David Archer, an expert on the global carbon cycle and its relation to global climate, will deliver the 7th Annual Len Robock Lecture March 3 at the University of Wisconsin-Madison.
Guest post by Jean Phillips, director of research communications at the UW-Madison Space Science and Engineering Center:
A professor in the Department of Geophysical Sciences at the University of Chicago, Archer is a leading researcher on the balance between carbon dioxide levels in the atmosphere and oceans and the connection to fossil fuel emissions.
Fossil fuels have been in use for hundreds of years: An increasingly industrialized society escalated the demand for energy, opening the door for fossil fuels to become the major energy source.
But, according to Archer, it comes at a price. He says the climate impacts — warmer temperatures and sea level rise — of carbon dioxide emitted into the atmosphere when fossil fuels are burned, will remain long after we stop burning them, if we decide to stop burning them.
The natural reabsorption of carbon dioxide into the Earth, to try to return it to a state of equilibrium, is a slow, complex process. In addition, says Archer, the timing and intensity of the climate impacts depends on the natural carbon dioxide concentration in the atmosphere at the time fossil fuel energy was discovered.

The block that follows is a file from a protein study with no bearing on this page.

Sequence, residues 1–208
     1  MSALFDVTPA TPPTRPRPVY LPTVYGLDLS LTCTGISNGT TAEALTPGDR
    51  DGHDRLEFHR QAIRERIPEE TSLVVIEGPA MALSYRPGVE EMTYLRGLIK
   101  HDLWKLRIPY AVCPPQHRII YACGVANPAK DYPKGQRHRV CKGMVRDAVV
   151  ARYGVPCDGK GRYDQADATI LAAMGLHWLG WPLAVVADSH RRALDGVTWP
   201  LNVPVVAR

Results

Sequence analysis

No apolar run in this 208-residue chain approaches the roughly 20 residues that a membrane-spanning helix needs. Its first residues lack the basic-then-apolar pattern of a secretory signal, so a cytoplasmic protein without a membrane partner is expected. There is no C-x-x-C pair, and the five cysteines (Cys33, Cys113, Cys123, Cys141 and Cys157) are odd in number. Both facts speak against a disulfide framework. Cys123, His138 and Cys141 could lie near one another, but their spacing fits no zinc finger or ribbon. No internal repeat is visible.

Archer says that if the natural concentration of carbon dioxide had been a factor of two or more lower, the climate impacts of fossil fuel emissions would have occurred about 50 or more years earlier. Given the limits of scientific knowledge a century ago, there would have been significant challenges for society to understand the enormity of the anthropogenic climate change phenomenon in time to prevent it.
An elected Fellow of the American Geophysical Union, David Archer is the author of several books on climate change including Global Warming: Understanding the Forecast, The Warming Papers, The Global Carbon Cycle, The Long Thaw: How Humans are Changing the Next 100,000 Years of Earth’s Climate, and The Climate Crisis. He is a regular contributor to RealClimate, a climate science blog written by climate scientists for journalists and the public.
Free and open to the public, the lecture takes place Thursday, March 3, at 7 p.m. in Room AB20 of Weeks Hall. For more information, check the event website.
The lecture is made possible through the Leonard Robock Endowment to the UW-Madison Department of Atmospheric and Oceanic Sciences.